It should be of no surprise that the Tennessee Walking Horse Soring people would attempt to do their own legislation. Anything to muddy up the water and stop the PAST Act. ~ HfH
From: Humane Society’s Michael Markarian blog
By: Michael Markarian
Momentum is growing in Congress to pass H.R. 1518/S. 1406, the Prevent All Soring Tactics (PAST) Act, legislation seeking to upgrade the four-decades-old federal Horse Protection Act (HPA) to stop rampant and intentional injuring of horses with caustic chemicals and other painful devices in the Tennessee Walking Horse show world in order to induce an exaggerated gait. HSLF and HSUS are backing the bill, along with more than 100 horse industry and veterinary organizations and many others. Introduced by Reps. Ed Whitfield, R-Ky., and Steve Cohen, D-Tenn., and Sens. Kelly Ayotte, N.H., and Mark Warner, D-Va., the legislation has the bipartisan support of 266 House cosponsors and 48 Senate cosponsors. Not many bills in Congress ever amass so many cosponsors – a solid majority of the Congress.
But rather than halt their criminal conduct within their industry and support efforts to strengthen the law so that it will serve as a meaningful deterrent to people who torment horses to win ribbons at shows, some in the horse soring community have worked with a handful of lawmakers to try to maintain the status quo. Rep. Marsha Blackburn, R-Tenn., this week introduced “alternative” legislation to the PAST Act that can be described as nothing but a get-out-of-jail-free card to those who perpetrate the cruel practice of soring.
Not only does H.R. 4098 contain none of the important reforms needed to crack down on soring, but it would set back these efforts by weakening the U.S. Department of Agriculture’s already-limited authority and handing off power to the perpetrators. Unlike the PAST Act, Rep. Blackburn’s bill does nothing to strengthen the weak penalties that have failed to act as a deterrent to soring, and would continue to allow the use of chains, stacks, and other action devices that cause pain to horses’ legs and hooves—identified by the American Veterinary Medical Association and American Association of Equine Practitioners as an integral part of the soring process.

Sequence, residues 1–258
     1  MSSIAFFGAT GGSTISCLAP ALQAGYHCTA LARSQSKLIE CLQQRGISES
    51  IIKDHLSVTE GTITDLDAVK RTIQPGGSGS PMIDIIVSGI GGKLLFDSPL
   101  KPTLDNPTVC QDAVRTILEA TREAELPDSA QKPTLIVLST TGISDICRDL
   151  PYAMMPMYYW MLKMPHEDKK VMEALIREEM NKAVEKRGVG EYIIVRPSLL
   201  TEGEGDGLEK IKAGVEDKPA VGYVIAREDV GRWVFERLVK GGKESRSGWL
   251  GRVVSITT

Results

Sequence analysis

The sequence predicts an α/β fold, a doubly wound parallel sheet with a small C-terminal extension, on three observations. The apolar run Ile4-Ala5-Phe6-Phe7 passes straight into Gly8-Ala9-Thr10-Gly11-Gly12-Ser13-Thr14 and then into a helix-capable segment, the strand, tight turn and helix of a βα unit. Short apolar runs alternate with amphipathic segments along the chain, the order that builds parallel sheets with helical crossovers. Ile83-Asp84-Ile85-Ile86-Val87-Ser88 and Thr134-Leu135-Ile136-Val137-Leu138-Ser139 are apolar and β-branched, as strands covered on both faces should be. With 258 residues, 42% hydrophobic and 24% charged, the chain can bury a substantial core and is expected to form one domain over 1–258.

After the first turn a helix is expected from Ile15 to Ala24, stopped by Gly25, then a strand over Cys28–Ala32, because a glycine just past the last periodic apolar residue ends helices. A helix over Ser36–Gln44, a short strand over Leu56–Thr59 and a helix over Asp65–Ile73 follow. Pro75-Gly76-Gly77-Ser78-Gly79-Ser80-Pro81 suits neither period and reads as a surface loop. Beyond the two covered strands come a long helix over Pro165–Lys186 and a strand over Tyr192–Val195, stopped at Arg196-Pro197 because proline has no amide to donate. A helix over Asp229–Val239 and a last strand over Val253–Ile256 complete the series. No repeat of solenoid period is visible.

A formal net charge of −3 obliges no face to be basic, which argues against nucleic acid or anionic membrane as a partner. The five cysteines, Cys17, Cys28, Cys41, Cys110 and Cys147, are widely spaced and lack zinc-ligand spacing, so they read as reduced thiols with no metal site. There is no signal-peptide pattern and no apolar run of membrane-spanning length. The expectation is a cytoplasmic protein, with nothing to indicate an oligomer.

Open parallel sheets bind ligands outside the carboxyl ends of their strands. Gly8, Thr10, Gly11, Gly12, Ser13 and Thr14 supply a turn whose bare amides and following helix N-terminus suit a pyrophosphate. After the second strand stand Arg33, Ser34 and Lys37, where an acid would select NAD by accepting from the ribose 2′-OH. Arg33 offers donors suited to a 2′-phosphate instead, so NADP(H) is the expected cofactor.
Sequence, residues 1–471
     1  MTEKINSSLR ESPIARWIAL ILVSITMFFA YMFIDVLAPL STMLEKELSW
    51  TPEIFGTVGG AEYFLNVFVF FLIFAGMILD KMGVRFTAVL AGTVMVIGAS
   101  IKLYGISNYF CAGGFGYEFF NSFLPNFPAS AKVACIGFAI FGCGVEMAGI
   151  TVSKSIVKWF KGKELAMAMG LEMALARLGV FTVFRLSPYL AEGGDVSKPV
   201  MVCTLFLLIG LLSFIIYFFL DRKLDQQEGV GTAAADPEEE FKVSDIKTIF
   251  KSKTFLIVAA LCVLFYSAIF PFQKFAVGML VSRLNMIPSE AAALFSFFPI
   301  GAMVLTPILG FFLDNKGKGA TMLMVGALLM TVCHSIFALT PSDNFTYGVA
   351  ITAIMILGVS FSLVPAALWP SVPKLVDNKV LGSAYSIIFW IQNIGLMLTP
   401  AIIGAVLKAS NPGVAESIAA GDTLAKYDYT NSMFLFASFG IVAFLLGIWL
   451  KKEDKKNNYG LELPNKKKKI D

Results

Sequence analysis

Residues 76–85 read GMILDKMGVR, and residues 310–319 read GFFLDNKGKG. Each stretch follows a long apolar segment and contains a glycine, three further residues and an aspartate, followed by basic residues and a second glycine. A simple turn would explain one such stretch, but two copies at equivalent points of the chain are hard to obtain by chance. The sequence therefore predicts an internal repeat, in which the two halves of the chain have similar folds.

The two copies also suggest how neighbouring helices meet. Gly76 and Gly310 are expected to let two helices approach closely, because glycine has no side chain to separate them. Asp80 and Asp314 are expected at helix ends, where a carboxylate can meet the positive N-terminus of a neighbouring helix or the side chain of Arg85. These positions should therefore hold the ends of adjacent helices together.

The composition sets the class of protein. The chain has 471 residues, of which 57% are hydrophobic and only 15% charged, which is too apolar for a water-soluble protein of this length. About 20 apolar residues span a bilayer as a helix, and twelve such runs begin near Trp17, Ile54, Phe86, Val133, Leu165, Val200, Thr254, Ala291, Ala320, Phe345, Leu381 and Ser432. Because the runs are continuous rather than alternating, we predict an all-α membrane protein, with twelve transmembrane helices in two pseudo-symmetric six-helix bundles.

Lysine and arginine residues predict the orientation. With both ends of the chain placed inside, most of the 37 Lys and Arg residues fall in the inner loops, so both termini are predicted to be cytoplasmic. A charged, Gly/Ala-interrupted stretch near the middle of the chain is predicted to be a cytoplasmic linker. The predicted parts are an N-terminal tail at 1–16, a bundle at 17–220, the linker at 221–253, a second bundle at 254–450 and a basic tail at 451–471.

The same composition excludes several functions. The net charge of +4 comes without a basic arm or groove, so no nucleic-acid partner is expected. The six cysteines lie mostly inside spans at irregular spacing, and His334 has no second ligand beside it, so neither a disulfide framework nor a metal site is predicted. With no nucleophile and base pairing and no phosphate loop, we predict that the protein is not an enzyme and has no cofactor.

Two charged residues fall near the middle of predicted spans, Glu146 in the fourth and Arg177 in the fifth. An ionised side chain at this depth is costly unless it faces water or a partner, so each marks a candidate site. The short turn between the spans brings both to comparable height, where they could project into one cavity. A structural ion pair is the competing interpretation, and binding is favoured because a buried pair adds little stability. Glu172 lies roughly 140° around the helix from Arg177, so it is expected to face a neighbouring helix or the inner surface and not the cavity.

As acknowledged by the USDA Office of Inspector General’s 2010 audit of the Horse Protection Program, the corrupt self-regulation of the industry is the key factor that has allowed the abuse to fester and thrive in the Big Lick show circuit: Blackburn’s bill perpetuates—and in fact, codifies—this arrangement. H.R. 4098 would eliminate the few Horse Industry Organizations (HIOs) now trying to end soring (allowing only sound horses at their shows), and institute instead a single HIO born right out of the same groups that have let soring run rampant for decades. The bill allows the Walking Horse Trainers’ Association to help select the board of the “new” HIO: the same association whose 2014 seven-member board of directors’ boasts at least 112 citations for soring and related offenses. One of those members has 38 known citations for violation of the Horse Protection Act. Soring is never going to stop when the sorers are in charge of enforcement; that’s why the PAST Act gives the USDA the authority it needs to license, train, assign, and oversee independent inspectors.
Blackburn’s bill completely fails to address the stacked shoes and chains, even though 93% of violations of the Horse Protection Act involve Big Lick horses who are subjected to these devices. The chains exacerbate the effects of chemical soring by striking and rubbing on sensitized pasterns, and stacks unnaturally alter the angle of the foot and can be used to conceal foreign objects—all to cause enough pain to create the desired high step. The American Veterinary Medical Association and the American Association of Equine Practitioners have called for the elimination of stacks and chains from the Big Lick show ring as a prerequisite to ending soring. The PAST Act bans them; this so-called alternative doesn’t even mention them.
H.R. 4098 is another thinly disguised effort to codify the failed industry self-policing scheme that has allowed soring to continue unabated. The answer to this problem, backed by an unusually broad and diverse group of horse industry, veterinary, and animal welfare organizations, as well as more than half the House and nearly half the Senate, is to pass the PAST Act, H.R. 1518/S. 1406. Contact your members of Congress today and tell them this real reform legislation is sorely needed.